Charles Kinder, Retired Elder

January 20, 2016

This Week’s Storyteller is…
Charles Kinder, Retired Elder
Thirty nine years of ministry provided many wonderful (wonder full) experiences; serving a General Board, a United Methodist Foundation and an interdenominational /international ministry. However, the most meaningful experiences were during the 29 years when I served local churches. That’s the front line of the Church where things happen, and where ministry is most fulfilling.
While serving as pastor of First Church Pinellas Park, in greater Saint Petersburg, I had a very moving experience. It happened during a pastoral visit with a couple who had recently moved from Chicago to retire in Florida.
After we felt comfortable with each other, this man, Tom, said, “We are lifelong Presbyterians, but we now want to become United Methodists.  I will tell you why. I was in my Chicago office when a delegation from your denomination arrived. They wanted a logo for the newly formed United Methodist Church. I called in one of our artists and some other staff. The team told us the story of the birth of Methodism. They shared John Wesley’s heartwarming experience and the amazing things that followed. They spoke of a prayer which was recorded in his journal. ‘Lord, set me on fire and watch me burn.’
“They told how that movement crossed the Atlantic and swept over the colonies and the frontier like a forest fire. They told how one historian, referred to this amazing events ‘the greatest ingathering of souls since the days of the Apostles.’ After much prayer, thought and creative work, we came up with THE FLAME AND THE CROSS. We want to be a part of that movement of God. Please do us the honor of receiving us as members of the United Methodist Church!” That was the only time I ever had such an impassioned request.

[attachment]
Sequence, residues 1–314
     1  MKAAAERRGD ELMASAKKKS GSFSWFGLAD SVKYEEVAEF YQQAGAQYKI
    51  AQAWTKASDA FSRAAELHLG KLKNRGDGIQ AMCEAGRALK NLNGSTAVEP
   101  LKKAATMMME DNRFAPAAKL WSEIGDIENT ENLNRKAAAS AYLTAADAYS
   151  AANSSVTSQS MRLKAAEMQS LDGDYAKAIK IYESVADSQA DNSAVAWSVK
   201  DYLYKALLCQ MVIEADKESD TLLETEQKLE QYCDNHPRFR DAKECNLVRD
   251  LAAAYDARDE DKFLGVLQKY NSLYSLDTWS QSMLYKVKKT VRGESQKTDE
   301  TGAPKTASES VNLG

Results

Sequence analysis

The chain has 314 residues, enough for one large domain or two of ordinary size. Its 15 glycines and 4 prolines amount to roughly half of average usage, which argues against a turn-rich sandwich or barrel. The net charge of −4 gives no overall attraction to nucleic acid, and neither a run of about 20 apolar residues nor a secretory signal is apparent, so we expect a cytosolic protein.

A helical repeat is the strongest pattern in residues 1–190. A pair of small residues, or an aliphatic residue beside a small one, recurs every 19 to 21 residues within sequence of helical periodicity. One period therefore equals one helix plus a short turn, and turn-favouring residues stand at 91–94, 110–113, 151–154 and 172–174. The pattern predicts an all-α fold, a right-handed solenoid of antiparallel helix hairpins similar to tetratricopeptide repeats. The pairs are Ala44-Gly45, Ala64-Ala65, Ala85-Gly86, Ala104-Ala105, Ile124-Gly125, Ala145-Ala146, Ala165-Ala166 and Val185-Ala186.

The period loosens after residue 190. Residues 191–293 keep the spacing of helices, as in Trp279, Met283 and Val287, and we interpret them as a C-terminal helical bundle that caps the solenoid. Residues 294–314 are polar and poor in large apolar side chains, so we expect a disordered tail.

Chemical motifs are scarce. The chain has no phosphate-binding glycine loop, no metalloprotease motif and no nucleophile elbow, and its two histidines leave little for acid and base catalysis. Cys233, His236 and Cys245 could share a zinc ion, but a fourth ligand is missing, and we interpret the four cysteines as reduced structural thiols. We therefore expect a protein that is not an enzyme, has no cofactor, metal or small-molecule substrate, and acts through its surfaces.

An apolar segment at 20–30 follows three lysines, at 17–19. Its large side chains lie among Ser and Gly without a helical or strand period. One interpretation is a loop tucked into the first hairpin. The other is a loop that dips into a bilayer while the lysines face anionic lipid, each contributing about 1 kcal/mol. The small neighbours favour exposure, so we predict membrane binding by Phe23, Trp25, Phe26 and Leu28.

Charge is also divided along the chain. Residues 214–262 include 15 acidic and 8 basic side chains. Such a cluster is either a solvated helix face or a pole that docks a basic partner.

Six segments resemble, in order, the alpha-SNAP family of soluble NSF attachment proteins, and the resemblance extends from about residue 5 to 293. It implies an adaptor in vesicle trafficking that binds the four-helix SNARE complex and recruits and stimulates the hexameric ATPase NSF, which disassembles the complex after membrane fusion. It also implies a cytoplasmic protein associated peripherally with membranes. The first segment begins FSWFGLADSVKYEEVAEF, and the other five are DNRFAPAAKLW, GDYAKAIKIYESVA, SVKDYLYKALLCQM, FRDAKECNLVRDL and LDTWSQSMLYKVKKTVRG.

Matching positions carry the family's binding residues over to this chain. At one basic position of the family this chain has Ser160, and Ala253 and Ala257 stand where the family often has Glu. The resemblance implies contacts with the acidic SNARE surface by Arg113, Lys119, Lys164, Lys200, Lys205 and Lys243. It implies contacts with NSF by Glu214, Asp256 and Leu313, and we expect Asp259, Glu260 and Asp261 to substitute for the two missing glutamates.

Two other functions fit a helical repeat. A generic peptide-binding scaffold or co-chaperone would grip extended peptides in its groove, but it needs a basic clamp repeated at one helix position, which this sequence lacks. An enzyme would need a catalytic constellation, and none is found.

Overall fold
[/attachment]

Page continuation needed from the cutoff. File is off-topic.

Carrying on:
At the close of morning worship the man from Chicago would often come to the chancel and kneel in prayer. The first time Tom came, I knelt beside him. He said, “I’m alright, pastor, I just had to come and thank God that I am a part of this movement.”
My wife and I were in London for the dedication of the giant flame and cross memorial at the New Museum of London on Aldersgate Street. I remembered Tom’s words and thanked God that I am a part of the movement that started when a humble Anglican priest’s heart was set on fire. I went to the rectory where Wesley lived, knelt at his prayer bench and prayed, “Lord, give me a touch of what that man had.”
While traveling across our great church, I found the Methodist fire to be still burning, sometimes a blaze, sometimes only an ember. While visiting the pastor and author, Charles Allen in Houston, Texas, he asked, “Do you believe there is real evangelism out there in United Methodism?” My response was, “I do.” He said, “I will tell you what I think. When you travel to our Annual Conferences, you take evangelism with you in your briefcase. When you leave, evangelism is still in your briefcase and goes back with you to Nashville.”
Near the end of my time with The Foundation for Evangelism, I was in Texas and called Charles Allen. He asked me to come and see him. When I arrived he rushed to me and gave me a big hug, which was unlike him. He said, “I am going to say something to you that few people have ever heard Charles Allen say. I was wrong. Since we last met, I have done some investigation and am now convinced that there is real evangelism out there in our Church.”
May the fire that started in John Wesley’s heart keep on burning as we offer Christ across our nation and the world. My prayer is that United Methodism will remain true to its roots and continually live up to the deep meaning behind THE FLAME AND CROSS.
Up Next Week…
Richard Ottum, LifeSong Church
The disciple gives us an amazing reminder of how God can take a terrible situation and bring good from it for His purposes.

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